Afghan refugees in Indonesia demand resettlement

'Everyone is scared': Afghan refugees in Indonesia demonstrate against Taliban, demand resettlement
2 min read
Hundreds of Afghan refugees took to the streets outside the UN refugee agency's office in the Indonesian capital, Jakarta.
The Afghan refugees who rallied were mostly from the largely Shia Hazara minority [Eko Siswono Toyudho/Anadolu/Getty]

Hundreds of Afghan refugees living in Indonesia, mostly members of the Hazara ethnic minority, held a rally on Tuesday decrying the Taliban’s takeover of their country and calling for resettlement in third countries.

Indonesia is not a signatory to the UN Refugee Convention of 1951 and its 1967 Protocol, and the government doesn’t allow asylum seekers to work or have access to schools and public hospitals.

The protesters took to the streets outside the UN refugee agency’s office in the capital, Jakarta, with many saying they’re extremely worried about their families back home. Most Hazaras are Shia Muslims, despised by the extremists among the Sunni Muslim majority and discriminated against by many.

“Everyone is scared due to the current situation and are desperately trying to escape,” said 28-year-old protester Hakmat Ziraki.

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Ziraki said his relatives, unable to bear years of living in limbo without jobs, eventually returned to Afghanistan. On Friday, he received a text message from his sister, saying she was distraught and that everyone in their village had sent their young daughters out of the country.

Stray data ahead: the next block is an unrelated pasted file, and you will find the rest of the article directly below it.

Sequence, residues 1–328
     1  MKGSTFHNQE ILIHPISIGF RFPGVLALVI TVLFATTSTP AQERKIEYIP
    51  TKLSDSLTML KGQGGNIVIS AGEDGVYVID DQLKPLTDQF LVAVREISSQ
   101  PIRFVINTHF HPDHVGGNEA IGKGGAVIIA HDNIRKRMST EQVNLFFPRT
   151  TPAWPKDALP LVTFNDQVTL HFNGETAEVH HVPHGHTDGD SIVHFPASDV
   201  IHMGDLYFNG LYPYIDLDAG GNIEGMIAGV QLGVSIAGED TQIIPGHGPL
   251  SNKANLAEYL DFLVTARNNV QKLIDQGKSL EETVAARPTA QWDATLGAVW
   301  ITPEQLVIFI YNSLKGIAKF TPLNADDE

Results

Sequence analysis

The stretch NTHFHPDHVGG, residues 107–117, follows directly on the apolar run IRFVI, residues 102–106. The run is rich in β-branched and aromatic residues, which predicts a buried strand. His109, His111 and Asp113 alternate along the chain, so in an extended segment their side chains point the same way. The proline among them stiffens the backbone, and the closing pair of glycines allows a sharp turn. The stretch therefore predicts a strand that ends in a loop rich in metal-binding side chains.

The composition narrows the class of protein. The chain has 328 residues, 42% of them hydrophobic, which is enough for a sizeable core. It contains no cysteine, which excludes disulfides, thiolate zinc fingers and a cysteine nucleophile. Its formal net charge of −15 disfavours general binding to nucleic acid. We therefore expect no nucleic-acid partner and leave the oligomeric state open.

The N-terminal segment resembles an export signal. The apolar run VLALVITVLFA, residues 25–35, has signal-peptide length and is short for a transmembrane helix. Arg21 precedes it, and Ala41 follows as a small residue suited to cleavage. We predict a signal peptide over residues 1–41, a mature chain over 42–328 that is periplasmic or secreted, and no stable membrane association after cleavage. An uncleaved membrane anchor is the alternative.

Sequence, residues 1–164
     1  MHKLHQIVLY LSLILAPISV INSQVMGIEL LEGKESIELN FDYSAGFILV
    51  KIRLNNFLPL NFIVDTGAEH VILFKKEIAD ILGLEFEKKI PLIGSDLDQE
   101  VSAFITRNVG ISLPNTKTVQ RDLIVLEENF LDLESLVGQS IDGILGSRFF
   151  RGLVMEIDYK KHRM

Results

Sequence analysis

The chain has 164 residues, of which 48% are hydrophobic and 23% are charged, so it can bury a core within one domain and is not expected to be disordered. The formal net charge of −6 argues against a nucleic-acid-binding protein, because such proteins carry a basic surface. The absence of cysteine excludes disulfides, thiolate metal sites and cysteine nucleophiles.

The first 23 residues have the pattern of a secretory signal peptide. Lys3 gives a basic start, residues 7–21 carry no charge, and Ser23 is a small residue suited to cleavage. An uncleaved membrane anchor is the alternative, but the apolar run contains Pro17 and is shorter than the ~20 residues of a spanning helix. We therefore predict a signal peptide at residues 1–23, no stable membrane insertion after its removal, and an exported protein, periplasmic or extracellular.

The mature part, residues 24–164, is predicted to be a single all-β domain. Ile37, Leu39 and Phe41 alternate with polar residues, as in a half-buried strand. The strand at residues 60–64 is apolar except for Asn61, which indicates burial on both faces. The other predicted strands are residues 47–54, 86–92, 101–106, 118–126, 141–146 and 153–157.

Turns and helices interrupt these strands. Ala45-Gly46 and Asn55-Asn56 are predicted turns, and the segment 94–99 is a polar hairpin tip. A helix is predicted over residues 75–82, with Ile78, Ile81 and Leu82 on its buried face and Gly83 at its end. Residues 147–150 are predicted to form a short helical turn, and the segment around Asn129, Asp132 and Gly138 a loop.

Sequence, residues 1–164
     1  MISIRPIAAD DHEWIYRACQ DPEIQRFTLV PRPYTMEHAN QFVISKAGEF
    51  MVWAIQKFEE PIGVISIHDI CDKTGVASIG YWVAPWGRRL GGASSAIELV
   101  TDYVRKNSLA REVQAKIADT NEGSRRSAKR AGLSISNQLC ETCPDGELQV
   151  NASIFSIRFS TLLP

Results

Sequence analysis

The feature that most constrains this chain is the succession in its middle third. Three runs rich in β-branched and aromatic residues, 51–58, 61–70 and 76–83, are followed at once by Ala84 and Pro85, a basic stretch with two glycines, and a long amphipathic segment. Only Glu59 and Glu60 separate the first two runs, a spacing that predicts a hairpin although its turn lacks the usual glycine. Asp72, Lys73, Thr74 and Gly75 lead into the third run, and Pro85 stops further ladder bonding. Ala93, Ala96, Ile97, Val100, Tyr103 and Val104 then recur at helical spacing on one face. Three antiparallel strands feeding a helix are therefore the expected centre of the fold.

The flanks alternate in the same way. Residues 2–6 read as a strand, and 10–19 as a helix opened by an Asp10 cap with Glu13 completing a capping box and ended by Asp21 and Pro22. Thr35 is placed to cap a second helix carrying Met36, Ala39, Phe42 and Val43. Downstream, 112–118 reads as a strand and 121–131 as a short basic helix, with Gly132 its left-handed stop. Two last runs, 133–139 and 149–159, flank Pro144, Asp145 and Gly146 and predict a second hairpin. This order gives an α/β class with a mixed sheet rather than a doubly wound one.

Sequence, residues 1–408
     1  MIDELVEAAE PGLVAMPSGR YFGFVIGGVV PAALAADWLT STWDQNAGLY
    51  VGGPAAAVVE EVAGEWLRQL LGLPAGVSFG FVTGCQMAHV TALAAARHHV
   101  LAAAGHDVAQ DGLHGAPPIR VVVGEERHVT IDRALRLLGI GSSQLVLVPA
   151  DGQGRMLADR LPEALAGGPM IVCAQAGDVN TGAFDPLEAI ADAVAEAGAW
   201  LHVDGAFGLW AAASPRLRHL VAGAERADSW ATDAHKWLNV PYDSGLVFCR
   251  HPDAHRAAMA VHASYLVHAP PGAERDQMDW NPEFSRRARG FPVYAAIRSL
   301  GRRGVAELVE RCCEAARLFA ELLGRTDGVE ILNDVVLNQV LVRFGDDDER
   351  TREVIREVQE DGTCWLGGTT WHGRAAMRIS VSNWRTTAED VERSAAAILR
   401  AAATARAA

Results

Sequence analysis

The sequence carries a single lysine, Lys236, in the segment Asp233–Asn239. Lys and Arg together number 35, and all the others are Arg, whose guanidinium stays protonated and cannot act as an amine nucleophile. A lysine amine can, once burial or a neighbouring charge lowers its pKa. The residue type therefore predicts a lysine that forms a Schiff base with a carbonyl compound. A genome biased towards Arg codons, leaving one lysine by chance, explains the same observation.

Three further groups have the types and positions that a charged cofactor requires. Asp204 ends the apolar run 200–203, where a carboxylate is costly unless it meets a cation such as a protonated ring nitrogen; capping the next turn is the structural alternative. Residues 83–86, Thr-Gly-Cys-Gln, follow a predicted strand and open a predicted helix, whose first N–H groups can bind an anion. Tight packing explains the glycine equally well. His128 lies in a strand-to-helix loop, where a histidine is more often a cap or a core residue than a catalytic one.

Banners at Tuesday's rally read “Afghanistan is not safe” and “Resettle Afghan refugees from Indonesia."

“Waiting for more than eight years without resettlement has been absolutely terrible,” Ziraki said.

Officials with the UN refugee agency in Jakarta could not immediately be reached for comment.

The protesters dispersed after a few hours, as police threatened to arrest them for violating a health state of emergency in Jakarta, which has been hit hard by the coronavirus.

Afghans accounted for a little more than half the 13,400 refugees in Indonesia, according to UN figures from April.

Many asylum seekers fled to Indonesia as a jumping-off point to reach Australia by boat. But since 2013, the Australian government has sent the often barely seaworthy vessels back to Indonesian waters.